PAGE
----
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The Dead Projectionists

Posted by Shane Macaulay on 2017/11/21

If The Dead Projectionists know one thing, it is the distance between Dartmouth, Nova Scotia and Toronto, Ontario. In fact at this point, the band could put both down for their hometown. Toronto music cornerstone Dan Burke (The Silver Dollar) has called them one of the city’s “best up and coming bands.” Even their influences are hugely ambitious: drawing on decade-spanning artists like PINK FLOYD and RADIOHEAD, these east coasters aim for a huge sound and they deliver it in spades, both live in concert and certainly on their debut album Detractor.

The Dead Projectionists evolved from a friendship beginning in a Nova Scotian Grade 7 homeroom, the “Als” (lead singer Alex Goyetche and guitarist Al Purcell) eventually formed a high school band with guitarist Aaron “Skippy” D’Souza. Less than 4 years later, they have all separately migrated to Toronto, reforming the band, and finally completing the lineup when three more were brought on board: Scott Walsh on drums, Stefhan Iwaskow on Bass, and Kirby Schiemann on keyboards.

These are hard-working musicians. Alex recalls an early gig at a local Dartmouth grocery store: “It was so cold that I remember playing my guitar physically harder, praying I could fix a broken string in a warm room somewhere.” The Dead Projectionists have come a long way since then, about 1800 km or so. Since moving to Toronto, the band has played in front of a thousand people at the Ossington Folk Festival, released their first album Detractor, and booked their own east coast tour, culminating in a sold-out hometown show at Gus's Pub in Halifax, NS.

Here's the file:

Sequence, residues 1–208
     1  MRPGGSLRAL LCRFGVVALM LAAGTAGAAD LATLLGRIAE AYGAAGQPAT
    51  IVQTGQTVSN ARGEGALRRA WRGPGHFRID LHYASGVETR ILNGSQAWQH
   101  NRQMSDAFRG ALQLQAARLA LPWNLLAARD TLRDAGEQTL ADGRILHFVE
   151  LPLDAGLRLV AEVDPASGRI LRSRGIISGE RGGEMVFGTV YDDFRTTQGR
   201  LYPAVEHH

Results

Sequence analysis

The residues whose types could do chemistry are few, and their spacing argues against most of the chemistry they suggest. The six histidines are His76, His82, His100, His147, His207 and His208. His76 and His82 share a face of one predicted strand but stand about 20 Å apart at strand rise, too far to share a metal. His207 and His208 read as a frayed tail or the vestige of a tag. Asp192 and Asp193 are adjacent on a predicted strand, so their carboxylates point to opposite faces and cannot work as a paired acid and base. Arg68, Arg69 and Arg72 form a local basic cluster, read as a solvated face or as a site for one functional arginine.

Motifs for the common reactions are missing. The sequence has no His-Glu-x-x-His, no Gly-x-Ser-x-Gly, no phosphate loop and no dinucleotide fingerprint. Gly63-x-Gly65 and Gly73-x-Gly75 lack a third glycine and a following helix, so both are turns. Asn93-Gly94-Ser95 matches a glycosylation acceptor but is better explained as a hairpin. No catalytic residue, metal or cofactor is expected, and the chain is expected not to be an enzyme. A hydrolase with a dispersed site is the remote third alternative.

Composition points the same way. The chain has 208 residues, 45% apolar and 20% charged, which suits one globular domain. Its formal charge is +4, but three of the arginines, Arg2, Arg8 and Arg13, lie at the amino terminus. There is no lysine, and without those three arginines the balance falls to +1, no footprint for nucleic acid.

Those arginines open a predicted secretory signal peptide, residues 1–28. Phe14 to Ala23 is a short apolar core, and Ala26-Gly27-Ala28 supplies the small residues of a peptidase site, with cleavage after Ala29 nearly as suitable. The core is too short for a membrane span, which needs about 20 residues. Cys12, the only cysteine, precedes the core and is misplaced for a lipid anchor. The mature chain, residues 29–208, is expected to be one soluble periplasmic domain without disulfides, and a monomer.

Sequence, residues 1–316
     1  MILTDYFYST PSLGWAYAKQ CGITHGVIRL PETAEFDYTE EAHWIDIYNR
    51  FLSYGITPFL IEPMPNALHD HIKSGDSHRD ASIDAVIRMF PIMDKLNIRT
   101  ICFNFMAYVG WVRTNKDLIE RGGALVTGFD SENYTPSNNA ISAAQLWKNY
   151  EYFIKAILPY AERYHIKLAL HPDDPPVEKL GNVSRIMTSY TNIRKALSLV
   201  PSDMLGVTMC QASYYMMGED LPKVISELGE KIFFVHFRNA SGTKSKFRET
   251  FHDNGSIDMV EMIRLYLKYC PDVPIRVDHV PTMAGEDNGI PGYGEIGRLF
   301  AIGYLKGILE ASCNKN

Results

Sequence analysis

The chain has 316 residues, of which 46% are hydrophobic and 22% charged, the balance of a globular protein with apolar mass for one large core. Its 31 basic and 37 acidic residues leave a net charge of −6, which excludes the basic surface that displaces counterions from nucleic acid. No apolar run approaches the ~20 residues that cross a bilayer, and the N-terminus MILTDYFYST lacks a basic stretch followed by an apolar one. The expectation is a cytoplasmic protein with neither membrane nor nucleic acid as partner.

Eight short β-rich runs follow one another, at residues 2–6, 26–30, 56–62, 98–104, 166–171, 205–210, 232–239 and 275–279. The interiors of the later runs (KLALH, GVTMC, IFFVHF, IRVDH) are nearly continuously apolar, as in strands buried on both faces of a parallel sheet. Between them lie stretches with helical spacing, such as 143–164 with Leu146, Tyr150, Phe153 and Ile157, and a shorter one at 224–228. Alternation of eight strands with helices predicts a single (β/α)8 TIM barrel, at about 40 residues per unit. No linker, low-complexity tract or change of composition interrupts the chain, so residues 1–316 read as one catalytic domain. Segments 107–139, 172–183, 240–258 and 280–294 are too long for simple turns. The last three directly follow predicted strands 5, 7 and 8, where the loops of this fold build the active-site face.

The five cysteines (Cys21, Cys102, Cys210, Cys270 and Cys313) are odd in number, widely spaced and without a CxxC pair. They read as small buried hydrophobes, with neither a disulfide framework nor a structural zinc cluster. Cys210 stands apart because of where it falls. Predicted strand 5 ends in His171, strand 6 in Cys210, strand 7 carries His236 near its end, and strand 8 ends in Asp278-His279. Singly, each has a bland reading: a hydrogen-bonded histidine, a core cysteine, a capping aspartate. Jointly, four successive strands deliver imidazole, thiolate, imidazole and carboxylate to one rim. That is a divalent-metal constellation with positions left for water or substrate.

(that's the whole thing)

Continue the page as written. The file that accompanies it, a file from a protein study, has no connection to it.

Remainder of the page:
Self-recorded and self-released album Detractor represents a major musical accomplishment for The Dead Projectionists: a 7 song EP that can and will excitedly jump from malaise to optimism to even ecstasy within the same song. In the Alley features an extended and haunting introduction before giving way to an absolutely pulsating bass line and a truly hum-able chorus, the band’s love of GRIZZLY BEAR certainly lurking in the background. Right Next to the Dynamite musically and lyrically reminisces for a simpler time when we humans were a little hardier, right back to the hardiest of them all, Clint Eastwood himself. Finally, All This Time effortlessly moves from 12 bar blues to melodic pop from verse to chorus and back again. The songs are complexly simple, allowing the audience to discover more with multiple listens, yet each track still immediately impresses upon its first listen as well.

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